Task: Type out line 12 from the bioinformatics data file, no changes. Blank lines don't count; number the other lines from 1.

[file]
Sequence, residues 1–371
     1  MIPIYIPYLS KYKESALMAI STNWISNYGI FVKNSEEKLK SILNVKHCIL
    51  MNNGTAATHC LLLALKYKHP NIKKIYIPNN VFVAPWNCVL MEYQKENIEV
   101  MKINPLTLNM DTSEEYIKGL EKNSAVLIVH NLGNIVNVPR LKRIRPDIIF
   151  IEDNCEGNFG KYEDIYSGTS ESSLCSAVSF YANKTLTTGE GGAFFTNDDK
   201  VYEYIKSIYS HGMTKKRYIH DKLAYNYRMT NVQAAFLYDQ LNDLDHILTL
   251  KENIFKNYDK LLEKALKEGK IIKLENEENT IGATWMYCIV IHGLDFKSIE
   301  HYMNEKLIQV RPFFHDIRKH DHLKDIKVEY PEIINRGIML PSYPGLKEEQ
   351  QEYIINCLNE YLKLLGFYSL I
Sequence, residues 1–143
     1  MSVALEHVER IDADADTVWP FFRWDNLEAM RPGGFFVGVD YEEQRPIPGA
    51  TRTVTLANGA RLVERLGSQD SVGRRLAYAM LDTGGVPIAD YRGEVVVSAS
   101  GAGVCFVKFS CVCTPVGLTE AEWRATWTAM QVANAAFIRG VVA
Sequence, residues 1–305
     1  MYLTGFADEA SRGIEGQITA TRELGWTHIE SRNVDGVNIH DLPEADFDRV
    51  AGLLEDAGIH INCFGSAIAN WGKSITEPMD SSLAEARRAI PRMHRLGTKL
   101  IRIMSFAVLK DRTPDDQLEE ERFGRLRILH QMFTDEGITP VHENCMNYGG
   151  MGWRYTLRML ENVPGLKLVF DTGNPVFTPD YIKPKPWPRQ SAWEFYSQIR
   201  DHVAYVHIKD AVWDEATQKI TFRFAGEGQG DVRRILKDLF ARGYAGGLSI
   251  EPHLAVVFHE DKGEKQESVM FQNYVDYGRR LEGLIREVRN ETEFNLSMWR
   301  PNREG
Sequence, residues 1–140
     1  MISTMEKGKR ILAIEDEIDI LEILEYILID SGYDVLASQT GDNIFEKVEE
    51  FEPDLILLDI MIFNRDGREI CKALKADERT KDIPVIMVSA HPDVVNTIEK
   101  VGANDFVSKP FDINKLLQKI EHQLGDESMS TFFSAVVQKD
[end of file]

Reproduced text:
    51  TRTVTLANGA RLVERLGSQD SVGRRLAYAM LDTGGVPIAD YRGEVVVSAS